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RI - It's Not all About You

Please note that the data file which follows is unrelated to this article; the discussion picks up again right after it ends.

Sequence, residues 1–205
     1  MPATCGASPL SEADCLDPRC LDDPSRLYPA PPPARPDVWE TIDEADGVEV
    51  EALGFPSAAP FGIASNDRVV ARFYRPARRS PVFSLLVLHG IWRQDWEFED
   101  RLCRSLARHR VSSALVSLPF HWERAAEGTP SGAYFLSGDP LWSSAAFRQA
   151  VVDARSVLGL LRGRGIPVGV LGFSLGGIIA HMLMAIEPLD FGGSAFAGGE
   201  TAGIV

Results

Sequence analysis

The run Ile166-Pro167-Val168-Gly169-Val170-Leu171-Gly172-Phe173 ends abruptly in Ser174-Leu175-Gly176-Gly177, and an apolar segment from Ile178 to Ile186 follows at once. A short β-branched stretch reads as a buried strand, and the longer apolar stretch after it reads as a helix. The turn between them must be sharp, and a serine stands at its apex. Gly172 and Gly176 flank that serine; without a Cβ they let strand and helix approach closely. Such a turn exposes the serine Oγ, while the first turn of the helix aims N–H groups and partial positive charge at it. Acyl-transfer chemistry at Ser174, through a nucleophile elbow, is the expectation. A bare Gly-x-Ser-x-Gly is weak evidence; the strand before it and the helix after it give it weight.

The executive board at a condominium association in Providence, R.I., decided to remove the community picnic tables that had been on the common area for the past five to 10 years. The tables were not used much, had begun to get worn and unsightly, and management was having a tough time keeping up with the pigeons that used them as target practice. The board made a decision that they were not worth the cost or trouble and had them removed. A few weeks later, Ms. Erble, a very vocal yet non-participatory unit owner, sent a threatening letter to the board. Ms. Erble’s letter stated that she regularly sat at the picnic tables, and that the board had no right to remove her tables. According to the letter, Ms. Erble had a right to have picnic tables in the common area, and if they were not replaced within the week, she would file a lawsuit against the board. Scenarios like the one above happen all of the time. Unit owners often believe that they have the right to dictate what occurs on the common property based on their individual desires and preferences. What many unit owners fail to understand is the meaning behind the word “common” and what it means to live in a community.